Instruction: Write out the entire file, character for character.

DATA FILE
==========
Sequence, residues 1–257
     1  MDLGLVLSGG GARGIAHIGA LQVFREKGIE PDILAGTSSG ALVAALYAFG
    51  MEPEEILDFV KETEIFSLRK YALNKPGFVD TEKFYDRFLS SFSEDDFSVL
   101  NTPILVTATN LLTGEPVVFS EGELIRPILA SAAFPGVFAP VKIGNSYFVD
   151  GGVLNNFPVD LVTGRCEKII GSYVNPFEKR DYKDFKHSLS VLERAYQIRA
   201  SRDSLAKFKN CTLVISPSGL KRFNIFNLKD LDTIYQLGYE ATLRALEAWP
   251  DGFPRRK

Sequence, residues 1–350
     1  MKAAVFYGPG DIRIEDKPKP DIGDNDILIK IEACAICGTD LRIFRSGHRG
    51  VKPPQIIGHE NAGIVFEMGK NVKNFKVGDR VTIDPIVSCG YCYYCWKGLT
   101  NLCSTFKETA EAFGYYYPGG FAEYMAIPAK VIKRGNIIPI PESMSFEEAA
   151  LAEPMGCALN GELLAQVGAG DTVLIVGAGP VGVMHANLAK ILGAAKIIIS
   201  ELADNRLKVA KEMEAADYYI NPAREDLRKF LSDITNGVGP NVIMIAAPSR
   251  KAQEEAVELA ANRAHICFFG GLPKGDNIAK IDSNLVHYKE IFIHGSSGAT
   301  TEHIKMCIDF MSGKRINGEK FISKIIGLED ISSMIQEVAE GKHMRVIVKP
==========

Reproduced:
Sequence, residues 1–257
     1  MDLGLVLSGG GARGIAHIGA LQVFREKGIE PDILAGTSSG ALVAALYAFG
    51  MEPEEILDFV KETEIFSLRK YALNKPGFVD TEKFYDRFLS SFSEDDFSVL
   101  NTPILVTATN LLTGEPVVFS EGELIRPILA SAAFPGVFAP VKIGNSYFVD
   151  GGVLNNFPVD LVTGRCEKII GSYVNPFEKR DYKDFKHSLS VLERAYQIRA
   201  SRDSLAKFKN CTLVISPSGL KRFNIFNLKD LDTIYQLGYE ATLRALEAWP
   251  DGFPRRK

Sequence, residues 1–350
     1  MKAAVFYGPG DIRIEDKPKP DIGDNDILIK IEACAICGTD LRIFRSGHRG
    51  VKPPQIIGHE NAGIVFEMGK NVKNFKVGDR VTIDPIVSCG YCYYCWKGLT
   101  NLCSTFKETA EAFGYYYPGG FAEYMAIPAK VIKRGNIIPI PESMSFEEAA
   151  LAEPMGCALN GELLAQVGAG DTVLIVGAGP VGVMHANLAK ILGAAKIIIS
   201  ELADNRLKVA KEMEAADYYI NPAREDLRKF LSDITNGVGP NVIMIAAPSR
   251  KAQEEAVELA ANRAHICFFG GLPKGDNIAK IDSNLVHYKE IFIHGSSGAT
   301  TEHIKMCIDF MSGKRINGEK FISKIIGLED ISSMIQEVAE GKHMRVIVKP